The Missouri S&T team will locate its SILO house in a solar village on campus, where it joins houses from five past Solar Decathlon competitions. Collectively, the village and its houses are called the S&T Solar House Project, which is a truly immersive learning experience, where student team members live in and learn from the existing houses while designing and building another one.
This sneak preview can give you an initial idea of the design approaches you’ll find at Solar Decathlon 2017, but there’s so much more to see. Visit the team pages to check out additional photos, videos, and details about the house (or houses) of your dreams.
Around the World with the Solar Decathlon
The U.S. Department of Energy Solar Decathlon competition now spans five continents – from the United States to Spain, France, Colombia, Morocco, the United Arab Emirates, to China – bringing together collegiate teams from around the world to address some of the most pressing global energy issues of our time.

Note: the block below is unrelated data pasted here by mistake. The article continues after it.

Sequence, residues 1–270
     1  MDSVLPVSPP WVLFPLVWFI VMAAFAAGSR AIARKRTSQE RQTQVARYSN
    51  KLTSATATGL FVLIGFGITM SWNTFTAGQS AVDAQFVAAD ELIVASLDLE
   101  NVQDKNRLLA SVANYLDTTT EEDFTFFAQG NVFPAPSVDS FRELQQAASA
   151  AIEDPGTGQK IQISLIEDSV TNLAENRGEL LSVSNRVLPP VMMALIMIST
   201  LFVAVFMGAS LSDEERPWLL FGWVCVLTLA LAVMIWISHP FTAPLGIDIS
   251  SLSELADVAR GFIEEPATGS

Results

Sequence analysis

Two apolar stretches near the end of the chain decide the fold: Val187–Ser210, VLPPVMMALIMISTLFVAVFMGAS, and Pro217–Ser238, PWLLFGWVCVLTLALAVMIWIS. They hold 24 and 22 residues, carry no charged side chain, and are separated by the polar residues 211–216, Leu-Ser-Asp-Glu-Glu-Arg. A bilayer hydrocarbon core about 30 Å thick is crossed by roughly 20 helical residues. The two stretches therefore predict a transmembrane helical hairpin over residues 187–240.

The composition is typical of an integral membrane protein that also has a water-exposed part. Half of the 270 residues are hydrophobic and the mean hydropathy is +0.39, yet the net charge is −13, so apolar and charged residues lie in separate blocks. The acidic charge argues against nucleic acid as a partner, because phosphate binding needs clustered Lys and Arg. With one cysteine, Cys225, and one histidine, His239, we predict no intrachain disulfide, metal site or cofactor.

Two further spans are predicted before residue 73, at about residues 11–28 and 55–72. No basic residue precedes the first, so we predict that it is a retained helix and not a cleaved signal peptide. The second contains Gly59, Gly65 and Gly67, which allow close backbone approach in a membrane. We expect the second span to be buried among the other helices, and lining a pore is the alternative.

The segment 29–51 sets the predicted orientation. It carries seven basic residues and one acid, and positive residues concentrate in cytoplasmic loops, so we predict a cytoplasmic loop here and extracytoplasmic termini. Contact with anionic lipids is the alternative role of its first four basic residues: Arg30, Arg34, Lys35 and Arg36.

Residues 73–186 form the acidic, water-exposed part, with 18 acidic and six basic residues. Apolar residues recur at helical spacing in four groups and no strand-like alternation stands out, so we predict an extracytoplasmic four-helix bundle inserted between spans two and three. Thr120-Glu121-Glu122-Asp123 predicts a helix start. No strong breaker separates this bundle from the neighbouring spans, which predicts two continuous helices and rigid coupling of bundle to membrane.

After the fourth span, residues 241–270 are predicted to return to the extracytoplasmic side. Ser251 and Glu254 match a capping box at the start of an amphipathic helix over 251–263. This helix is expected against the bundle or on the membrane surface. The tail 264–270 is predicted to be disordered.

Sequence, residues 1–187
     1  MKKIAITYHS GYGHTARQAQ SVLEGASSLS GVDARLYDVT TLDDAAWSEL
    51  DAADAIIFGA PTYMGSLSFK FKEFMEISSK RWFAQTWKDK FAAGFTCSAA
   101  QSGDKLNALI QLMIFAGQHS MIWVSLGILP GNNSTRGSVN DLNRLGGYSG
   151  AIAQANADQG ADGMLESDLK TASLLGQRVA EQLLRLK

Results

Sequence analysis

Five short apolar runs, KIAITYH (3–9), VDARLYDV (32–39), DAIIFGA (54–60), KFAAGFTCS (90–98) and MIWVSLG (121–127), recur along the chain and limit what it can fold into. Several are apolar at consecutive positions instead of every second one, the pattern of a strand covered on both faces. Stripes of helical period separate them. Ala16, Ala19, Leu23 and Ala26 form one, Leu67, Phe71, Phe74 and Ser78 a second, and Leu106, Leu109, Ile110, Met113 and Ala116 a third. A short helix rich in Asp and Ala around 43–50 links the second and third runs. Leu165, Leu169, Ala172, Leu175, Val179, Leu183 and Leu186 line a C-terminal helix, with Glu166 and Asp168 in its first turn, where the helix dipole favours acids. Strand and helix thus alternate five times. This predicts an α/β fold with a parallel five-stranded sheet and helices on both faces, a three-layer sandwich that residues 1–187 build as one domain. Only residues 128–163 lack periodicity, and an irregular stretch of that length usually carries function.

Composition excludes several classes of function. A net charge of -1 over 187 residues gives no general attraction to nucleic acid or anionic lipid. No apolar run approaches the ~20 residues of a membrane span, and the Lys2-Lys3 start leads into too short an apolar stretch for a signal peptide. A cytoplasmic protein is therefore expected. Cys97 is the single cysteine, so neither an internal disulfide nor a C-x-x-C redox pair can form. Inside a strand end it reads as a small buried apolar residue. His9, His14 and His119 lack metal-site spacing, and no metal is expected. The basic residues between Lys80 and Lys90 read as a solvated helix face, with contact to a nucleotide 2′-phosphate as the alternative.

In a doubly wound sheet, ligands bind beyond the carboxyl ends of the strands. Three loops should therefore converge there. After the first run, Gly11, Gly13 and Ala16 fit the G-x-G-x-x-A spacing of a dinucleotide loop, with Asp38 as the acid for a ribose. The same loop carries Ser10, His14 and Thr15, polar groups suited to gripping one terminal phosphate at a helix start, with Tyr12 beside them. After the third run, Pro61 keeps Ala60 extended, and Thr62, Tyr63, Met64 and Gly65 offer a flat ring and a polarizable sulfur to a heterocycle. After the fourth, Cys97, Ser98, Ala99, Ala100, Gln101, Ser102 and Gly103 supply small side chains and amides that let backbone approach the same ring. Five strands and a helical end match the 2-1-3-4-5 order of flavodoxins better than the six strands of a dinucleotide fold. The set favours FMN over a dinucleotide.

Last month, the U.S. Department of Energy signed Memorandums of Understanding to launch two new competitions. The first Solar Decathlon Africa will take place in Morocco in 2019, and the second Solar Decathlon Latin America and Caribbean will be in Colombia in 2018.
Solar Decathlon has grown in popularity since its inception in 2002, and now sheds light on solutions to energy challenges around the globe. The student teams competing in Solar Decathlon are made up of tomorrow’s engineers, architects, researchers, and policy makers. They are highly motivated and spend two years problem-solving and creating sustainable homes of the future.